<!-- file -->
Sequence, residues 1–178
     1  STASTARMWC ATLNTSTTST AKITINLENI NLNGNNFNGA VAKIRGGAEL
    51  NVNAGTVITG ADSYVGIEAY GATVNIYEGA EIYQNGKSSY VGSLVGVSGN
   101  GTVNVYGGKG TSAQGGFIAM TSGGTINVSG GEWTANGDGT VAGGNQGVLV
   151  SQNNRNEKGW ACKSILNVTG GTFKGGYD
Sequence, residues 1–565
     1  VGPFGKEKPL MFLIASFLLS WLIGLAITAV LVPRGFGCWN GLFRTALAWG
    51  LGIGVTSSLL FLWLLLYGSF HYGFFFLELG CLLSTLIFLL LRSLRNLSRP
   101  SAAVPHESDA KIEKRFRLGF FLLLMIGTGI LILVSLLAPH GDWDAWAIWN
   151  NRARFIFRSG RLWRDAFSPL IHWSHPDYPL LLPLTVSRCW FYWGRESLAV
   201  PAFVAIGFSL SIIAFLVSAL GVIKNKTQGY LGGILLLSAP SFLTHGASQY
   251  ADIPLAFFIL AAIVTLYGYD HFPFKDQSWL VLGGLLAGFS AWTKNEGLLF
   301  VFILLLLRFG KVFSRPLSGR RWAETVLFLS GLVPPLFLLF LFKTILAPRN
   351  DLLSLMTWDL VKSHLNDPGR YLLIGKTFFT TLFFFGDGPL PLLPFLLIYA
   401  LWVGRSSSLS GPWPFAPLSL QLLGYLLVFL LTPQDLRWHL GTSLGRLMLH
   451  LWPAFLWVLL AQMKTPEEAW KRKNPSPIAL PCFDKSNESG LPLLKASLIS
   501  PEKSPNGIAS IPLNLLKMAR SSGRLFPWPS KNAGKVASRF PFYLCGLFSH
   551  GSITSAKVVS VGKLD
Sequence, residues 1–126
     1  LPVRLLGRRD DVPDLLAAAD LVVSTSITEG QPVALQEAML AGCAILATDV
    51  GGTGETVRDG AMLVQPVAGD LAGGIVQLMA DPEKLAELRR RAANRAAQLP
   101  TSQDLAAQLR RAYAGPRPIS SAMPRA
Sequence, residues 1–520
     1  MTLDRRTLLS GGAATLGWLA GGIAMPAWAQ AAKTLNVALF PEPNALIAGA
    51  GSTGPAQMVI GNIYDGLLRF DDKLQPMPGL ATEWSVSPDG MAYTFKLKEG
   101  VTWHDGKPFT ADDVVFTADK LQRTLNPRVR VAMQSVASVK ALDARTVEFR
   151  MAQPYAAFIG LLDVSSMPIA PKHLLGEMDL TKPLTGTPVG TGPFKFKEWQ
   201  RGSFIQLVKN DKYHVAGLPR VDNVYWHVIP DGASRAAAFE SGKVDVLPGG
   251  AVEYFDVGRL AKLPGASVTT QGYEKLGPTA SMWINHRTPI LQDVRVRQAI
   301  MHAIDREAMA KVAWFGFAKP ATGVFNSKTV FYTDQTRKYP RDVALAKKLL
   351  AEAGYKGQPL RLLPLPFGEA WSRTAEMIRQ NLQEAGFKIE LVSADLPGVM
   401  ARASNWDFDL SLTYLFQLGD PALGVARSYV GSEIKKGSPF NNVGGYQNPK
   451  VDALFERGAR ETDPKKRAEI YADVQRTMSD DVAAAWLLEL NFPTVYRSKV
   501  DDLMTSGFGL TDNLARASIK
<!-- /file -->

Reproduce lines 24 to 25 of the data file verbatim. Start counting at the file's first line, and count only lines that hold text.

     1  MTLDRRTLLS GGAATLGWLA GGIAMPAWAQ AAKTLNVALF PEPNALIAGA
    51  GSTGPAQMVI GNIYDGLLRF DDKLQPMPGL ATEWSVSPDG MAYTFKLKEG